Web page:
Dark Music Review – Oblivion To You All
Review Written By Casey Douglass
'Oblivion to you all' is the sixth release from dark ambient project, Noctilucant, and the proper continuation of the story started on, 'Back to the Mud.' 'Oblivion to you all' sees the world now sparsely populated, this is after the apocalypse, when many humans have fallen and those that remain standing are left to deal with a world that has changed into something 'else...'
As someone who often, when sleep eludes him, imagines himself holed up somewhere with the shuffling undead making noises in the distance, I found myself instantly attracted to the concept of dark ambient album Oblivion To You All. Anything that is dark and atmospheric, with a dose of wandering menace is something that will have my ears prickling in anticipation. What I got with Oblivion To You All certainly fit that description.
In general, Noctilucant’s creation features relatively quiet soundscapes, more low rumbling and distant environmental noises than actual immediate threat, with a few exceptions. There are also tracks that deliver narrative via voices, telling the listener about the state of the world, or merely whispering furtive questions into the ear, such as “Did you miss me?”
My favourite tracks tended to have sounds that either put me strongly into the situation being heard, or at the least, grabbed my attention by their seeming diversion from the grim nature of the tale. One example of this latter kind is This Day Brings Forth Our Dismay (track 2). The track opens with the sounds of a projector trundling into life, backed by a wind-like swelling and rumbling. The soundscape opens out into a higher pitched “ah” sounding theme, almost like the backing track to a pleasant recollection. Towards the end, things deepen once more, finishing with the sound of the projector becoming prominent again. I don’t know what was being shown on the screen but to me, it might have been a video of how life used to be.
Another track that I really clicked with was Where Snow Remains and Life Fades (track 4). This is a very visceral track, starting gently with an almost underwater distortion smoothing the rumbling sound. A fluctuating tone takes on a chant-like sound. A wind-like effect whistles through abandoned snow covered streets. Near the midpoint, clanking and movement is heard, along with heavy footsteps and laboured breathing inside a gas mask. The footsteps seem to be going down wooden stairs and heading out to crunch the snow-laden ground. Sounds of life escalate towards the end of the track, the tones taking on the aspect of moans and cries on the wind. A very effective track.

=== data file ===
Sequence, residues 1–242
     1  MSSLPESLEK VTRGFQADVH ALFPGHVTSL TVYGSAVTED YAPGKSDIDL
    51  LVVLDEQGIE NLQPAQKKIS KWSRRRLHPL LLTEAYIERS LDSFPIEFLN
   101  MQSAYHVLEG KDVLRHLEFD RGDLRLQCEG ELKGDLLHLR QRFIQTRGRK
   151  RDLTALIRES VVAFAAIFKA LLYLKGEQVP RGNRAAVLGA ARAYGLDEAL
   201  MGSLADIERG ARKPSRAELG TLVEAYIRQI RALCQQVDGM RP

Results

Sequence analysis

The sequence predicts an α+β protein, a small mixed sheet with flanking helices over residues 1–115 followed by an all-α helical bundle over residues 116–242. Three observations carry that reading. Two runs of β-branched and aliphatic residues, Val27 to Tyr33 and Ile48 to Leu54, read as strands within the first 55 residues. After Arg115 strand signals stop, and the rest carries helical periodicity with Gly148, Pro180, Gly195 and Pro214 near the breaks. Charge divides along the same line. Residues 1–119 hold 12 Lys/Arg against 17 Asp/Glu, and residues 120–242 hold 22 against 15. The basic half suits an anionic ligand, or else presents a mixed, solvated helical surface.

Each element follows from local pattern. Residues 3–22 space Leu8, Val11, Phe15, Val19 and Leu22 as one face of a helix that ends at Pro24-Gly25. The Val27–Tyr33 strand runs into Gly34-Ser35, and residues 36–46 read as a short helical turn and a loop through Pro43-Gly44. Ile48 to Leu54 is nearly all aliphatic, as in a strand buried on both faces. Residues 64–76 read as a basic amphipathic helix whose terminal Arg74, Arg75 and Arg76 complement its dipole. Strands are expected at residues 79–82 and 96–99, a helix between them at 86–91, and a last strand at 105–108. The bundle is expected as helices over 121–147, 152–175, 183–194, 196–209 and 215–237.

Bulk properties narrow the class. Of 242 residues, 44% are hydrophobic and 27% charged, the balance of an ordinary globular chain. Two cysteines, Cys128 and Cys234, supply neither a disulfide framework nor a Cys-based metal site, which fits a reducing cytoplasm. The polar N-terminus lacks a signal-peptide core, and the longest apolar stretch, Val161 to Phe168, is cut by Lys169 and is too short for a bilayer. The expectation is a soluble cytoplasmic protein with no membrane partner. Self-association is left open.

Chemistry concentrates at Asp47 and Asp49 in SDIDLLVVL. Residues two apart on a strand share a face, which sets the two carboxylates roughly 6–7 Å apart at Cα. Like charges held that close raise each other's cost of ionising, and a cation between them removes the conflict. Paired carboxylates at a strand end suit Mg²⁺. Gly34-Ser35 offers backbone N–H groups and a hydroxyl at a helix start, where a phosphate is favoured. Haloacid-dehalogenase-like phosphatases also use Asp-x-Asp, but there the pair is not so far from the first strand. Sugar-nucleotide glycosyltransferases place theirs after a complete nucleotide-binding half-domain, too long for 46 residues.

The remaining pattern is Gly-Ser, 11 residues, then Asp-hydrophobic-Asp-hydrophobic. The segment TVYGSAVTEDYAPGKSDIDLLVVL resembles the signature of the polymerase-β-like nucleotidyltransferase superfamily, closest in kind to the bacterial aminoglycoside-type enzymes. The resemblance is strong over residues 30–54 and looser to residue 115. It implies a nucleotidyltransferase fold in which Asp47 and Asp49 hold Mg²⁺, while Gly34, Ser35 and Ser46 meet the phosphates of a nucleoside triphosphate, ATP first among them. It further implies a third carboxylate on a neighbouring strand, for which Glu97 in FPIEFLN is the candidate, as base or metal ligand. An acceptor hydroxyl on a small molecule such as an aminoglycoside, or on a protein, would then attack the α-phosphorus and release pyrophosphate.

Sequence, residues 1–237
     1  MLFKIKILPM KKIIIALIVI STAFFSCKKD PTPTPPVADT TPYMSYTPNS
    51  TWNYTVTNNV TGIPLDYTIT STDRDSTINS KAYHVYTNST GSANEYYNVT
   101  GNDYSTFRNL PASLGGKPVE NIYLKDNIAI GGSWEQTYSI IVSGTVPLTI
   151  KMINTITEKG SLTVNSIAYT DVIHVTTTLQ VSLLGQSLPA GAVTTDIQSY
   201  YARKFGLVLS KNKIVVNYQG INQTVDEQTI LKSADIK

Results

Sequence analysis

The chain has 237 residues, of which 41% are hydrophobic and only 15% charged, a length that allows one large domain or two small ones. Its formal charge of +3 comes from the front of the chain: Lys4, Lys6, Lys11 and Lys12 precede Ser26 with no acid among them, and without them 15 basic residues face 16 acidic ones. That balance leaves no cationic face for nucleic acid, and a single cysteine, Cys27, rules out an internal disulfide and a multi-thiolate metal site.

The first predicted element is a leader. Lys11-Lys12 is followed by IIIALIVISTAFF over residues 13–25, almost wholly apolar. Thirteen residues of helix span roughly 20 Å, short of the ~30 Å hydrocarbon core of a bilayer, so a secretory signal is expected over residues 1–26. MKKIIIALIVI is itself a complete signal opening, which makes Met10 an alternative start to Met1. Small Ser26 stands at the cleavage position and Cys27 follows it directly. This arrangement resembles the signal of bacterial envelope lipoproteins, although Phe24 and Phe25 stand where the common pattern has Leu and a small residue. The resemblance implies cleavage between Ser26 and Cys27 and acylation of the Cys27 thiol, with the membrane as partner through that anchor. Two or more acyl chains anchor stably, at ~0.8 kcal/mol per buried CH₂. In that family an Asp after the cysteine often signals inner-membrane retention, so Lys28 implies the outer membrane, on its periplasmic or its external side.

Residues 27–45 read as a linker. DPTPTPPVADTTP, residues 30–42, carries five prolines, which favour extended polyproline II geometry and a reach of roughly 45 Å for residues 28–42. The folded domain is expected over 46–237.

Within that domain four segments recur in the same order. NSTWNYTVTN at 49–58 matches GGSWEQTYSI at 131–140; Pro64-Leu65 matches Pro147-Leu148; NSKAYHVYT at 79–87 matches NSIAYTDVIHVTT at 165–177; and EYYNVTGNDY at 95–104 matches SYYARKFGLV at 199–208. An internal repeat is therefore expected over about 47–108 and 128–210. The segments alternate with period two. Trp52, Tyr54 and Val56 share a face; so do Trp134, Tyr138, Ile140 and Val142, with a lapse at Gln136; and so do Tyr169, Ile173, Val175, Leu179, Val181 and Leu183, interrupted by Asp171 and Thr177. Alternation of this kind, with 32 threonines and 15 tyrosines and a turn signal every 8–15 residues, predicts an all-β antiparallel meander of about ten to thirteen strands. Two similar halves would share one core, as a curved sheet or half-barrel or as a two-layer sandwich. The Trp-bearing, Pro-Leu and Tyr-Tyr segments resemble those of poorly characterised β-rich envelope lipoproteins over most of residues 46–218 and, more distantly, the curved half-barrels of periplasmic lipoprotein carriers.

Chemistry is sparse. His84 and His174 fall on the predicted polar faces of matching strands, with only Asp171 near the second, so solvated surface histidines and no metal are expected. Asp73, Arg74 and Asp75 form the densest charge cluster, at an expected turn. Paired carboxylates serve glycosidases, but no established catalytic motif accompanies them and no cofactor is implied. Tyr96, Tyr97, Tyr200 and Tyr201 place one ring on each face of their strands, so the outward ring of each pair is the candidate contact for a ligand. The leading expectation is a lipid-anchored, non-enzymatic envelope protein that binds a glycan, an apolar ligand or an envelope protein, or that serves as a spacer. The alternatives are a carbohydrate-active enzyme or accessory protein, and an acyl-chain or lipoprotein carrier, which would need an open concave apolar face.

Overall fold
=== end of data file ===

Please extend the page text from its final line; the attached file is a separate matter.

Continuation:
The final track that I wanted to mention by name is track 7: Back Into The Hole Where I Was Born. After a single electric guitar note punches the track into motion, eerie high tones begin to rise and fall like a sparkling swarm of glittery observers. A drone sits in the background, soon to be joined by the howling wind as things get darker a short way in. Footsteps and gas-mask breaths fill the ear, followed shortly after by a creaking door and entry into another space. This space is filled with coughs and misery. The traveller whose head we are in begins to speak. He doesn’t tell a happy tale, and it ends with the ultimate kind of full stop which I won’t spoil here.
What we have in Oblivion To You All, is a dark ambient album that does a great job of painting a picture of a world in which things have gone badly wrong. I found some of the tracks to be a little uneventful for my own tastes, but I think that these simply made the ones that did speak to me stand out all the more. I give Oblivion To You All a solid 4/5 and recommend any music fan interested in darker things to go and check out the album on Bandcamp here.
I was given a free copy of this album to review.
Album Title: Oblivion To You All
Released: July 18, 2016